“I see a large empty whiskey bottle floating above your head” is how the Reverend Chris Meredith addresses Linda Hackett, who is on the other side of the aisle and closer to the little chapel’s altar than where I sit in its rear right-hand corner. “English Medium” is how the flyer announcing the event this evening describes the animated man now standing and speaking up front. I have been getting nervous that for his observations he may soon select me from the 13 of us in attendance, but at his first words to Hackett, who has never met Meredith, my feeling converts to sheer amazement. Not three days earlier I had sat listening as she talked about the destructive role drinking played in her life.
It’s not as though Meredith is looking at a bedraggled drunk off the streets and is suggesting that Hackett guzzled the whiskey bottle empty before arriving tonight. Nor does she show the physical effects of long years of drinking that some alcoholics do. Hackett, who has asked that her name be changed, is a regular at Bally Total Fitness in Mission Valley, where she once invited me to attend “Boot Camp,” a weekly aerobics regimen. “I’m not in the kind of shape to handle that,” I told her. But Hackett is — and then some. Her friendliness beams at you from blue eyes framed by angular features and short light brown hair.
No, Hackett appears to be the poster child for healthy sobriety. At 39 years of age, she is a member of Alcoholics Anonymous and has been taking her program seriously for the past 16 years. She is married to a retired fireman who also belongs to AA. She works as a law enforcement officer herself, specializing in rescue and medical response for the San Diego County Sheriff’s Department.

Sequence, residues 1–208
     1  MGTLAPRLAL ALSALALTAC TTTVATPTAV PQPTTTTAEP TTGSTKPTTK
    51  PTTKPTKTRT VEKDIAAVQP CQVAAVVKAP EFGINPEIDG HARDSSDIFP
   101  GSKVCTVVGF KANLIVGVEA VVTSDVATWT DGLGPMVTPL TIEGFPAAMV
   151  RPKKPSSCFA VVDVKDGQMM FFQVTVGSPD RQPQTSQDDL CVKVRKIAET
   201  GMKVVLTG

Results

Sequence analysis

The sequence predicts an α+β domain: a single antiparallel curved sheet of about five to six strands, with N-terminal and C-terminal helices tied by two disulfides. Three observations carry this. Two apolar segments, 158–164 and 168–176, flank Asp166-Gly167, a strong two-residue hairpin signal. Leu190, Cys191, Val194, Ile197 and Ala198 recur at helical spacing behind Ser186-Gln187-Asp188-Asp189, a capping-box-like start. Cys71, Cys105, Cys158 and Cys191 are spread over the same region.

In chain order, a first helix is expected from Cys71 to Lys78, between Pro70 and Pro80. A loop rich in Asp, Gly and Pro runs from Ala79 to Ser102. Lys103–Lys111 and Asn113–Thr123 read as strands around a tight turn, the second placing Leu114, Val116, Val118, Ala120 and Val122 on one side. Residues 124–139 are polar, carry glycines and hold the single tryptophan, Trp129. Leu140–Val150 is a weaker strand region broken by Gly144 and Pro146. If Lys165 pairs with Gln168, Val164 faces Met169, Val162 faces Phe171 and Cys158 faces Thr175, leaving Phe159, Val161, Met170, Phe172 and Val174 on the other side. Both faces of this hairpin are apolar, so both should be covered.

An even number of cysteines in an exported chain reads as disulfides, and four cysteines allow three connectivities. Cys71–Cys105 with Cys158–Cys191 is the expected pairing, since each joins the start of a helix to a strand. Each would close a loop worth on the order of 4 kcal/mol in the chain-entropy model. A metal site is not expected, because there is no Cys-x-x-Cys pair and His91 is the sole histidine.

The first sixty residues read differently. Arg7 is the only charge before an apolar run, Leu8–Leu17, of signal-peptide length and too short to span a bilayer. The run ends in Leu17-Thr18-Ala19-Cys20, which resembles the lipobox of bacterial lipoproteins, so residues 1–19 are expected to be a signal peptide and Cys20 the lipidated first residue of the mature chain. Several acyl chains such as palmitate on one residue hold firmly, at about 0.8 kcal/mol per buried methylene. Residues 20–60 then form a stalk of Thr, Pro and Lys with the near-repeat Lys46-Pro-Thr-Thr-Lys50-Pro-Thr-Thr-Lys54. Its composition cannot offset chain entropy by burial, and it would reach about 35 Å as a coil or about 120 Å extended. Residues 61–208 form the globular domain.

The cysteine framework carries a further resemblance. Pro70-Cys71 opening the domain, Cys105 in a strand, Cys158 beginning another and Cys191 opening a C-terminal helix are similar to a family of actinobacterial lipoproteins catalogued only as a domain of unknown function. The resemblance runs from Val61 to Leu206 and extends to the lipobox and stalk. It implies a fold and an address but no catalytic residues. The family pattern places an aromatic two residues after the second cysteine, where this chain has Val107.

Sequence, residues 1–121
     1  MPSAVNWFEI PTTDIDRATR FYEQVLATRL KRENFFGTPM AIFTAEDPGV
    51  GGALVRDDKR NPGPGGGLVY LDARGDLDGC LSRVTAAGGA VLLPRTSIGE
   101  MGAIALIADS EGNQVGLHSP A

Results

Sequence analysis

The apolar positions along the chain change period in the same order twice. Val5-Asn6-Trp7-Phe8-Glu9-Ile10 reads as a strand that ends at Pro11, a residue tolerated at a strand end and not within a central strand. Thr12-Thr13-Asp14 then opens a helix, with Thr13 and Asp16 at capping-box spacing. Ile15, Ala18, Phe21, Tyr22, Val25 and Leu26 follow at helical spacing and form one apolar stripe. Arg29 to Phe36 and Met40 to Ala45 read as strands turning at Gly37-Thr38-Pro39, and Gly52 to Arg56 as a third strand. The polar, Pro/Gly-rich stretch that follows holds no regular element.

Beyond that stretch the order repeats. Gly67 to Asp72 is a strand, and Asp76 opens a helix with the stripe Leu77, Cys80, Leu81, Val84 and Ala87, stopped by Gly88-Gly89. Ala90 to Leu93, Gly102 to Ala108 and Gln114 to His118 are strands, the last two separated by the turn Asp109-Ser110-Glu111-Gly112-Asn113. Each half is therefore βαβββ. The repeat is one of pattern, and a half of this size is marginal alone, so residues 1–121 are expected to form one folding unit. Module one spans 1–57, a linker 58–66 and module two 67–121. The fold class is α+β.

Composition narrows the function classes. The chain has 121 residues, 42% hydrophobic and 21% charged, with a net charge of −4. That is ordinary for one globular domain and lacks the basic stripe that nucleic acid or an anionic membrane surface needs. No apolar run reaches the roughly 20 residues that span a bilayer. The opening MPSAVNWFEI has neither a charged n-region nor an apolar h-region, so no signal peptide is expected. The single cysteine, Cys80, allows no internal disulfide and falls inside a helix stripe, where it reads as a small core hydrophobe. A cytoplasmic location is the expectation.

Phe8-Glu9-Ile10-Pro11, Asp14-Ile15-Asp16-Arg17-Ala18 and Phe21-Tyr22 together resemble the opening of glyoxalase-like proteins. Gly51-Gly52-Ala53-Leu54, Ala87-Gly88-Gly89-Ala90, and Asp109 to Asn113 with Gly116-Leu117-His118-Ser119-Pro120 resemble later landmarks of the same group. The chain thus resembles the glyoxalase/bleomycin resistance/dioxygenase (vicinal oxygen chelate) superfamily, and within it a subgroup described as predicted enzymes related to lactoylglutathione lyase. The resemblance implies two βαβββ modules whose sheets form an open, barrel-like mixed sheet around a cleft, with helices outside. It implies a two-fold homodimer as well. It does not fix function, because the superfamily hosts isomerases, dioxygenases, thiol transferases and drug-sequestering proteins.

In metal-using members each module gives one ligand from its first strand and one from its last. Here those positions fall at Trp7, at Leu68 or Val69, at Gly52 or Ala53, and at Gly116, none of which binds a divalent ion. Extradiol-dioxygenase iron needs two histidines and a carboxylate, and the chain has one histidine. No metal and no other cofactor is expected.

On this summer evening, we are attending the gathering the Reverend Meredith calls “Window to the Spirit.” It is being held in a small rectangular building called the Healing Temple, on the Harmony Grove Spiritualist Association’s grounds, which are pleasantly situated in a wooded area several miles outside Escondido. Upon learning of my curiosity about psychic and other paranormal phenomena, Hackett wanted to go with me to the service. Meredith holds it on most Tuesday nights at 7:00 p.m., except in the winter. The setting is a little too remote and bucolic to encourage attendance when darkness comes early in the evenings.Hackett is a firm believer in psychic abilities. At the age of 13, she and her best friend went to a Halloween celebration at her school in Concord, California, where she got a reading from a woman predicting that she would someday be shot. One hopes that someone giving a message like that would have couched it in the playful mischievousness of Halloween. However that may be, one night ten years ago, an intruder in the harborside Holiday Inn, where Hackett was working as a security guard, beat her and shot her in the hip.